And the situation is even more challenging for many of the specialty game shops that long have been an oasis of community and new game discovery for tabletop fans. Many have been forced to close or dramatically curtail operations, especially the kinds of communal game nights that bring in lots of potential buyers looking for new titles to try out. That traffic may eventually return, probably in spots and spurts, but it won’t be the ripe selling opportunity of a few months ago.

And there’s another challenge. Yes, if you happen to live in a household with two or three (or five, or six) adults who remember key portions of the past 20 or 30 years, the game is going to work very well.  It’s perfect for those game-night gatherings that were a standard part of many Millennial soirees.

But if you’re living alone, as many are, game nights are still a ways off. And if you’re cooped in a household with two or three children under the age of 12, this is no Chutes and Ladders. As even Garfield and Jennings acknowledge, this game, in its initial version, won’t work for the little ones. The questions cover a wide array of topics, from pop culture to sports to history and beyond, and don’t require particularly deep knowledge for an average and thoughtful player to be regularly competitive. But the Half Truth target audience is clearly the adults who might otherwise play Cards Against Humanity or Exploding Kittens.

Garfield, who has twins under the age of three, can’t even play with his own kids. So he’s acutely aware of top expansion priorities, should they get the chance to make Half Truth more whole.

“If the game gets played the way we hope it will, the first thing is more questions,” he said. “The questions are really fun, but they are exhaustible.” One potential expansion, he added, could be aimed at kids.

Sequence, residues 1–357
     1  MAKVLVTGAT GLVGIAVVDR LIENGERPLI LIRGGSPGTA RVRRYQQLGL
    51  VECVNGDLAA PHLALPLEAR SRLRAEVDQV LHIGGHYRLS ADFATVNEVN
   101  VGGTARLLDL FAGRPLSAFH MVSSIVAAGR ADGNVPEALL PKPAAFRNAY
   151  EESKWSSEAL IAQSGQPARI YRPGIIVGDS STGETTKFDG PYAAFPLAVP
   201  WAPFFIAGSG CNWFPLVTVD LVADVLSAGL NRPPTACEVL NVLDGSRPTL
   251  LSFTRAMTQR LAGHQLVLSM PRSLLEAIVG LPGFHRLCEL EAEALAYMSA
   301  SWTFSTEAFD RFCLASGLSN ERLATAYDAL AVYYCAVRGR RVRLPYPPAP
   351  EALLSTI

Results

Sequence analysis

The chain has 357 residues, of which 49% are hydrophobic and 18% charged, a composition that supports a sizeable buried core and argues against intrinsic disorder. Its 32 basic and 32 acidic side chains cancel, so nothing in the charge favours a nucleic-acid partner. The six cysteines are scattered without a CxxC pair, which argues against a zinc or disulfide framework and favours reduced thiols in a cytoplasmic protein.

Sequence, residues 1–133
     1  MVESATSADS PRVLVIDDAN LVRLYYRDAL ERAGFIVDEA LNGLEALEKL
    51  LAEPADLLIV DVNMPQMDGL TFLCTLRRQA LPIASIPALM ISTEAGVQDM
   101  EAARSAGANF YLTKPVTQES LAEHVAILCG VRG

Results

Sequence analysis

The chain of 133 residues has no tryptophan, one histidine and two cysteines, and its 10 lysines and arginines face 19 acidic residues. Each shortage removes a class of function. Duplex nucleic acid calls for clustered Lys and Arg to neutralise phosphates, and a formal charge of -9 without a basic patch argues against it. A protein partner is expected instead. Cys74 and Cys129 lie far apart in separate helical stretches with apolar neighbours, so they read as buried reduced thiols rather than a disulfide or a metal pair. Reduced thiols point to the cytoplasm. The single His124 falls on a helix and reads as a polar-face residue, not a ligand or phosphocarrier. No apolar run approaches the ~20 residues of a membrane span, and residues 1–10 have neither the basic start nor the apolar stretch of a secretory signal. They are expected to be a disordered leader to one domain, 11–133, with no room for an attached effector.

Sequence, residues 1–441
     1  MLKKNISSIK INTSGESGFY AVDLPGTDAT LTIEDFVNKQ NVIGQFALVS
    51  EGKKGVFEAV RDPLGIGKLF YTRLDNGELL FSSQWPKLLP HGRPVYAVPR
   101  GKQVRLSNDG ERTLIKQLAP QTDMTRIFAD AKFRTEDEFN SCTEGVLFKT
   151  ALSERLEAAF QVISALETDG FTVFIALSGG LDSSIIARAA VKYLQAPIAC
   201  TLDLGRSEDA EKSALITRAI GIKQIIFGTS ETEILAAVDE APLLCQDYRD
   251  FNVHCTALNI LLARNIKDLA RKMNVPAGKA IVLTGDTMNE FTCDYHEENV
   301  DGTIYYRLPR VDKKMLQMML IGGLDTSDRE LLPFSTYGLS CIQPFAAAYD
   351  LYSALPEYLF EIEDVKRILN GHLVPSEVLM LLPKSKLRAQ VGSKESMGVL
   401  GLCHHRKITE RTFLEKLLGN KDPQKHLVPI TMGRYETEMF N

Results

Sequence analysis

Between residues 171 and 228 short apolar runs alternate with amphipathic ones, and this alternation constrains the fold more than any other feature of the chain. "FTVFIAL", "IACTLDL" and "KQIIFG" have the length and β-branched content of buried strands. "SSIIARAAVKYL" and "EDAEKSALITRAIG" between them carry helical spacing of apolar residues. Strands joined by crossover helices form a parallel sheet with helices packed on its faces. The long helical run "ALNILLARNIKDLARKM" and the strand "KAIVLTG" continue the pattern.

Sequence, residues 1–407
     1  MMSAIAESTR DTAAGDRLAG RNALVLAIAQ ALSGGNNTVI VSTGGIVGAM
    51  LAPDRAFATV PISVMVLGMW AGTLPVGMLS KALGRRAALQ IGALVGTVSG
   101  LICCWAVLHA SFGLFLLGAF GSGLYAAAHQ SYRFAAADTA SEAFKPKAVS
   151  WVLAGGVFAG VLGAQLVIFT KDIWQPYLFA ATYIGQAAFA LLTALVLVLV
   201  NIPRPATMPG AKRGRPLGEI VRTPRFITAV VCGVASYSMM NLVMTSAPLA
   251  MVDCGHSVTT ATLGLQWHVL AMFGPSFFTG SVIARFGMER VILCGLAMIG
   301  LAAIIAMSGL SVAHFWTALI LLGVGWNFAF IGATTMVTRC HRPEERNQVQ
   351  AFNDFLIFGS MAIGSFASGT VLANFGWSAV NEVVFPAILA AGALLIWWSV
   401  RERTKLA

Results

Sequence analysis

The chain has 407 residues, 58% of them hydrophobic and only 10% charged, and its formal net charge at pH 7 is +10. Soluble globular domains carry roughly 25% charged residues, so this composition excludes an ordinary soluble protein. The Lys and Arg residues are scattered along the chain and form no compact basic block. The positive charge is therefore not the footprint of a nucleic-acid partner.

Hope springs eternal

Now, bookstores–another possible sales venue–are reopening in California. Some lockdowns are being lifted, and people may eventually venture to each other’s homes. Chances are game nights start up sooner, by far, than movie theaters, sports stadiums, or major concert venues.

Even more promising is the potential for a Half Truth TV game show. With the Streaming Wars in full effect and two more major services about to launch, this could be a low-cost, high-visibility home run for some outlet. Unless the pandemic, or the looming recession, or a writer’s strike, or something, provides another Black Swan moment.

But it still marks another step forward in Studio71’s evolution. Weinstein said the company is developing a board game based on The Umbrella Academy, the hit comic book series by Gerard Way and Gabriel Ba that in turn became a hit on Netflix.

Asked to predict Half Truth‘s prospects, Weinstein could only say, “We don’t know. Is there an audience for it at the moment? Is it something that’s going to break through the clutter, or is it limited? Fortunately, we got wave one of Half Ttruth out and delivered into retail, into Amazon and wherever it needed to be, pre-the world shutting down. So we at least have the first run of it, and then we’ll see what what happens.”